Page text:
Re-defining the role of government agencies in community transition — The Latrobe Valley Authority, a case study
The Latrobe Valley and broader Gippsland region in Victoria, Australia is facing a period of significant change on a number of fronts including changes associated with energy generation and a move away from coal fired power, climatic conditions including drought and bushfire impact as well as the broader global impacts of automation and digitisation of the economy.
Whilst this period presents significant challenges it is also a great opportunity to create long term prosperity for this region by building on existing strengths, ensuring sustainable employment pathways, and strengthening inclusion and vibrancy in our local communities.
The Latrobe Valley Authority is leading the transition of the Latrobe Valley economy and community through long-term work that continues the efforts of many people in the Latrobe Valley community. Through genuine collaboration important decision are being made now and for the future that will benefit all members of the community. On the ground, this collective work has already resulted in more than 2,500 new jobs and helped generate more than $99 million of private investment in the Latrobe Valley. These results were reflected in the September 2019 Latrobe-Gippsland unemployment rate falling by 2.5 percentage points since September 2016, with an additional 11,200 people in employment across the region. However, jobs figures are just part of the story. For true sustainable change, work on innovative projects that create long term investment and a vibrant and liveable Latrobe Valley, while ensuring everybody in our community benefits is critical. We want to ensure that pride and confidence in our future continues to grow and that we have the best conditions to grow our people and economy. With so much work underway it’s an exciting time to be in the Latrobe Valley.
We need to build on and support necessary and ongoing transition activities with system-wide structural change that will transform our economy and society and result in greater innovation and future resilience.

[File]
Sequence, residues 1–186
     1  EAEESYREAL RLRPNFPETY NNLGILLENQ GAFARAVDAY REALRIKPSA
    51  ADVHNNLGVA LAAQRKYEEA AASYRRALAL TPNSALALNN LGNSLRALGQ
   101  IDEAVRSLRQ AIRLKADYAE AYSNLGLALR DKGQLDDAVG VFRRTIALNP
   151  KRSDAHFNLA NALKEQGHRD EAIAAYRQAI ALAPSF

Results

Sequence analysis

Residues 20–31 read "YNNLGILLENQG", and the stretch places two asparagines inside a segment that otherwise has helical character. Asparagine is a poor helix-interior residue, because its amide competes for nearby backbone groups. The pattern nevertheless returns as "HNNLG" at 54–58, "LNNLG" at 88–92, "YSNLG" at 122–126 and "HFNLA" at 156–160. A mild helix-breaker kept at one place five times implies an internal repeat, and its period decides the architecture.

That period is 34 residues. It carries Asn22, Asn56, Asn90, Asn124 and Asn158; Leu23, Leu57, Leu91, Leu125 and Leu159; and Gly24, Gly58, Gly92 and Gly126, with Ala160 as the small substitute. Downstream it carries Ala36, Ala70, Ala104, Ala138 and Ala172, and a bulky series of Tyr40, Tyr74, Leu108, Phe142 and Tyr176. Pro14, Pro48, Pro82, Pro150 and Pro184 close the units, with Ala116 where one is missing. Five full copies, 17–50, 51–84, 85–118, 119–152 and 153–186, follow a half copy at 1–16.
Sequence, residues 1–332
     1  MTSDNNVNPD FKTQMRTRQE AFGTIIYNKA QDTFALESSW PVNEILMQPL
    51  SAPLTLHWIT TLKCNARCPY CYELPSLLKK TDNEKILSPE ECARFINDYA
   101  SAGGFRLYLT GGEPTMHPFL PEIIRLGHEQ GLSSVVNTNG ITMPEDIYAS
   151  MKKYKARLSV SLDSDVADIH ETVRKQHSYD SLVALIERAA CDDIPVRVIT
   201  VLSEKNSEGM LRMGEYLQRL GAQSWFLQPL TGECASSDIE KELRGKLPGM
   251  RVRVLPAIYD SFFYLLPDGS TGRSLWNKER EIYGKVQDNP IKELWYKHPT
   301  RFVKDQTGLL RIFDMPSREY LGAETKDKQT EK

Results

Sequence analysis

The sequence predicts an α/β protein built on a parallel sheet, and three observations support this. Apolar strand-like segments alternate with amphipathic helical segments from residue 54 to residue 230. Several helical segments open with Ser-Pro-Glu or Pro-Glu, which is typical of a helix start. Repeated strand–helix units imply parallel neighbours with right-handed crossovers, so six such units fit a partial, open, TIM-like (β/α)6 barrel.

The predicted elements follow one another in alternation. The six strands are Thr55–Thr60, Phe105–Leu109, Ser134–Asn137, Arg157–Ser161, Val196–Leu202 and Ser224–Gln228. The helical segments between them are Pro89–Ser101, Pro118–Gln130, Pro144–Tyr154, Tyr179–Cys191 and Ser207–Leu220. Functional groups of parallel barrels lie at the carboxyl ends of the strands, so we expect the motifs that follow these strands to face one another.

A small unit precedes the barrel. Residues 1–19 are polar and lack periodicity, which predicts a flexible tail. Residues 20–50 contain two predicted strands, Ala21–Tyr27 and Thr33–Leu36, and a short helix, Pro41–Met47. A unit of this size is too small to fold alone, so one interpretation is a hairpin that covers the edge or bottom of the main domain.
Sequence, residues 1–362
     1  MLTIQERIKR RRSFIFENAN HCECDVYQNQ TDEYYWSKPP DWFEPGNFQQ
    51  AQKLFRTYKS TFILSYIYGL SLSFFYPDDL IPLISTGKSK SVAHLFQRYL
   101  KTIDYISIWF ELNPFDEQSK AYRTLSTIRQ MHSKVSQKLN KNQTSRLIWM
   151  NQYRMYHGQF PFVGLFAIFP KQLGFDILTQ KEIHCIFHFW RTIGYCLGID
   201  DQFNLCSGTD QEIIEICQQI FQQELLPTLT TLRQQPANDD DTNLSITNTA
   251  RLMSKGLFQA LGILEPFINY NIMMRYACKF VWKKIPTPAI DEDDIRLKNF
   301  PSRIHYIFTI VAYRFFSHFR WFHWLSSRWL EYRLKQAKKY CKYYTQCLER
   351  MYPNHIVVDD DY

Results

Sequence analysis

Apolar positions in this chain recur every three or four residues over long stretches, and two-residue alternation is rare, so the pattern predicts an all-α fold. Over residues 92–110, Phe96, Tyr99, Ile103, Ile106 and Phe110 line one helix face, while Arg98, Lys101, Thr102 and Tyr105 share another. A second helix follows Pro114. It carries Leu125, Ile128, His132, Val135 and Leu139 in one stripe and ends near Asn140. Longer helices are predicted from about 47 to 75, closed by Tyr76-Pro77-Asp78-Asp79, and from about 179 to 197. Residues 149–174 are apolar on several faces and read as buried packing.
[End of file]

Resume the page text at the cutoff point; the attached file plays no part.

Regions around the world that are doing this really well build their futures based on collaboration and innovation across all levels of their ‘communities’ where collective benefit outweighs the individual and where cooperation and competition go together.
Building a culture of collaboration and knowledge sharing will be key to future-proofing our economy. It will enable innovation, adaptation and diversification in Gippsland’s economy, which in turn will deliver the system wide change we are seeking.
Whilst change inevitably creates uncertainty, by working together we can ensure we draw on the knowledge, experience and potential of our community and work to ensure benefit to all.
By continuing to listen, learn and understand what matters locally and from other places and people our ability to collaborate and innovate will grow.
Karen Cain is the CEO of the Latrobe Valley Authority and has significant senior experience working across government, leading strategic innovation, and developing and implementing policy in the public sector.
Karen’s career in education as a teacher, principal and senior public sector manager in two states, Victoria and Tasmania, led to experience in working across communities to link and to build partnerships that harness capacity and growth.
These roles, particularly in regional areas has led to a strong understanding and commitment to role of public sector based on system leadership practice that involves and benefits those that it serves.
Her experience in developing and delivering on issues that reflect what matters to community and government has led to appointment as Chief Executive Officer at the Latrobe Valley Authority, which she has held since April 2017.
Karen is a fellow of Leadership Victoria’s Williamson Community Leadership Program and was also a member of the Gippsland Regional Managers Forum for six years. She was awarded the Institute for Public Administration Australia Victorian Top 50 Public Sector Women Award in 2018.
For the past 24 years, she has owned and operated a commercial beef farm with her husband at Boolarra South in South Gippsland Victoria.